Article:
Your Mouth Matters: Dental Health Tips for Kids and Families
Chelsea Kolander, MPH/MSW – Health Educator, Dental Health Theatre Manager
Alaina Carter, CHES – Health Educator
A bright smile and healthy teeth aren’t the only benefits of good dental health habits. Proper oral care also impacts academic performance and general health. According to Delta Dental:
- “Tooth decay is the most common chronic childhood disease in the country, and every year children miss 51 million hours of school because of oral health problems.”
- “Gingivitis, an early stage of gum disease, occurs when bacteria in the mouth grow into plaque, causing inflammation and bleeding in the gums. When left untreated, the plaque can spread below the gum line, allowing bacteria to enter the bloodstream, which increases the risk for systemic diseases, such as heart disease.”
- “Research has found a strong connection between periodontal (gum) disease and diabetes. Proper care of the mouth, including treatment of gum disease, may even help diabetics achieve better blood sugar control.”
Ten Tips for Terrific Teeth AND Good Health
Taking care of your mouth is an investment in taking care of yourself and your family. Here are a few tips for good oral care recommended by the American Dental Association, American Academy of Pediatric Dentistry, and New York University College of Dentistry.
- Sharing is not caring when it comes to dental health. Do not share eating utensils nor “clean” a pacifier by putting it in your mouth. This can spread bacteria that can cause cavities in your child’s mouth.
- Drink fluoridated water or ask your dentist if a fluoride supplement is needed to promote the formation of strong, healthy teeth.
- After feeding your infant, clean your baby’s gums with a damp washcloth to prevent the buildup of plaque (soft, sticky bacteria) that can cause tooth decay. Don’t allow your baby to sleep with a bottle or pacifier, as this can also cause tooth decay/cavities.
- Take children to the dentist no later than their first birthday for a check-up. Ask the dentist about applying dental sealants to prevent cavities on the surfaces of teeth. Visit the dentist twice per year unless your dentist says otherwise.
- As soon as teeth come through the gums, teach your kids to brush twice a day for two minutes each time. Use a thin layer of toothpaste for kids under 2. Assist them until they can hold the toothbrush on their own, but continue to supervise proper brushing and flossing (once a day, as soon as teeth are in contact with each other) until age 7.
- When choosing a toothbrush, look for soft, rounded bristles that clean teeth, but are gentle on gums. Kids two and up can use a pea-sized dot of toothpaste. Choose smaller toothbrushes for their smaller hands and mouths.
- Brush your teeth alongside your kids to set a good example and motivate them to brush their teeth twice a day. They will enjoy imitating you!
- Sing or play a song or recite a nursery rhyme for two minutes while they are brushing.
- Limit chewy, gooey snacks, such as raisins, fruit snacks, and candy as they can stick to teeth and increase the risk of tooth decay/cavities. Sodas and juices can wear down the enamel that protects the teeth. They can also cause acid buildup that leads to cavities.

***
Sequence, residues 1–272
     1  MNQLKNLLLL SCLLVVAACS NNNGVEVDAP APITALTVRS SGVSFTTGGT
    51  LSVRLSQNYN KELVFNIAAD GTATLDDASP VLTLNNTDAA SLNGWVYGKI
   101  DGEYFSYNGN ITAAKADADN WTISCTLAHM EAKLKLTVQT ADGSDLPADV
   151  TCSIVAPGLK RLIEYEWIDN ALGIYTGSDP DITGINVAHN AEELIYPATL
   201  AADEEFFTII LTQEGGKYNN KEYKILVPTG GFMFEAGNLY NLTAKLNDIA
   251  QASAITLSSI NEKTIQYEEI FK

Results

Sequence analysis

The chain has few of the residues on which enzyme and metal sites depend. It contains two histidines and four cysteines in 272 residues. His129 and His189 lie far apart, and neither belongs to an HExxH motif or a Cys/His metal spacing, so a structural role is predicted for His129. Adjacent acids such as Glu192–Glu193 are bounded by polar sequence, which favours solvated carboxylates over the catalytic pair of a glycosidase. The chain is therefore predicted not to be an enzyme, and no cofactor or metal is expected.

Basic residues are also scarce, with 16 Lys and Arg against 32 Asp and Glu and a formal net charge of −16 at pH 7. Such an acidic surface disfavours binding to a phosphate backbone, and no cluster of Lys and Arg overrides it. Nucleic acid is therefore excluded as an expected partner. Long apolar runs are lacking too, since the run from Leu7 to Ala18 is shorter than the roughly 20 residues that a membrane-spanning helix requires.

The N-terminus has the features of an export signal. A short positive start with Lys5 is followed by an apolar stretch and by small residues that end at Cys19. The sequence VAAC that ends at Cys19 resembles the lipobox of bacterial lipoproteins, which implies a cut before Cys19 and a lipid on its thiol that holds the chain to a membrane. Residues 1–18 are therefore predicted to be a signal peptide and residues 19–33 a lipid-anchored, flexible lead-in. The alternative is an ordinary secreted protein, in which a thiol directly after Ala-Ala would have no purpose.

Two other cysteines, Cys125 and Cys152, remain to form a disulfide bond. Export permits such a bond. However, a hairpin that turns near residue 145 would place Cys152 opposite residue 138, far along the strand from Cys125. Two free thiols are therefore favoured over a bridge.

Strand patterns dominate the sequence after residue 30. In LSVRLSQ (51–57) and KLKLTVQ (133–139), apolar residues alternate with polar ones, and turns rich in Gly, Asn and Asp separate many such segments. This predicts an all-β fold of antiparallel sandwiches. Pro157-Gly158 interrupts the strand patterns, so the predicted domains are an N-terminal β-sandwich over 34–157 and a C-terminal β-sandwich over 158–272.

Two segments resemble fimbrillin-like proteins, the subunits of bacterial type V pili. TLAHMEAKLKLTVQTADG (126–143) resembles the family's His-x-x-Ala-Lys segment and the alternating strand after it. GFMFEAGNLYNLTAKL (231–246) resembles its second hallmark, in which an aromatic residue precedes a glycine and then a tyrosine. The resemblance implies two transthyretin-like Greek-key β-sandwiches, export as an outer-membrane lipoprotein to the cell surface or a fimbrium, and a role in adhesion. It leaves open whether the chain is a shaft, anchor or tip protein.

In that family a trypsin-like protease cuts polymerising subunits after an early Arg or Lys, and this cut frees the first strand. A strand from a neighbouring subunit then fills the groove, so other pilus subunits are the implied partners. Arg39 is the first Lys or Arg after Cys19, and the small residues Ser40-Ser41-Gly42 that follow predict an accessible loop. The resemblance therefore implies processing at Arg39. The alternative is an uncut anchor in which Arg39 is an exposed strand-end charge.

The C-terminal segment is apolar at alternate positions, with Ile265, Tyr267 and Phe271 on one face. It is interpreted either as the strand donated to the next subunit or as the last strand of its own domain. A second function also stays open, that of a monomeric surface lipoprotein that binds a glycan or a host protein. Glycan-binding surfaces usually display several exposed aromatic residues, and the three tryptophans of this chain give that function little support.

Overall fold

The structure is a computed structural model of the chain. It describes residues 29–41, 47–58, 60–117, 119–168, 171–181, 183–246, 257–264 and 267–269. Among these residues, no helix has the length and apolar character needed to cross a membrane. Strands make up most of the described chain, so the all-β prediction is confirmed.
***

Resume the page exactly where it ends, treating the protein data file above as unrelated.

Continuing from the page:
- If your child has a loose tooth, wiggling it gently with clean hands is OK, but let the tooth come out on its own. Ask your dentist if the tooth begins to bother your child.
- American Academy of Pediatric Dentistry
- American Dental Association
- “Dental Checkups Help Children Make the Grade.” Delta Dental
- “Healthy Smiles, Healthy Hearts.” Delta Dental
- “Making the Connection: Oral Health and Diabetes.” Delta Dental
- New York University College of Dentistry
Interested in bringing this topic to your school or organization?
Grade Level: 2nd – 3rd | Program Length: 45 minutes
You be the dentist! Practice tooth brushing and flossing on Mr. Big Mouth’s extra-large teeth. Pick healthy habits and nutritious snacks to prevent tooth decay. To help reinforce the importance of regular dental check-ups, volunteers will create a decay equation explaining how sugar and plaque lead to cavities.
For the Classroom: Healthy Teeth Science Experiment
Objective: For students to participate in hands-on activities that will lead them to good health conclusions
In-class time: 30-45 minutes
- 2 clear cups
- water and a dark soda (ex. root beer or cola)
- 2 hard-boiled eggs per group of students
- toothbrushes and toothpaste
1. Fill one cup with water and another with dark soda.
2. Have a student place one egg in the water container and another in the soda container.
3. Leave the eggs in containers overnight.
4. The next day, pour out the liquid in both containers and examine the eggs.
- How do the colors of each egg differ?
- Over time, which type of liquids do you think would be better for your teeth?
- Discuss the similarities egg shells have with our teeth and importance of brushing teeth.
– Egg shells and teeth have similar coatings, which make staining comparable.
– Just as eggshells protect eggs from breaking, tooth enamel protects teeth from decaying.
– The magic number for teeth is TWO. You want to brush your teeth at least 2 times a day for 2 minutes.
- Allow students to use a toothbrush and a little toothpaste to brush away some of the soda stains.
– Why do dark liquids stain teeth? Tooth enamel is a hard substance, but has pits and ridges where food and drink particles can get stuck. Dark-colored drinks can get into those cracks and stain the teeth, which over time could cause permanent yellowish stains. Brushing teeth regularly can help reduce or prevent teeth from staining.
For more dental health activities for the classroom, visit Smile Smarts Dental Health Curriculum .
- Healthy Teeth: Hands-On Science Activities. Education World.
- “Egg”stra Healthy Teeth. National Institute on Drug Abuse.
- How Does Coffee Stain Teeth? Colgate Oral Care Center.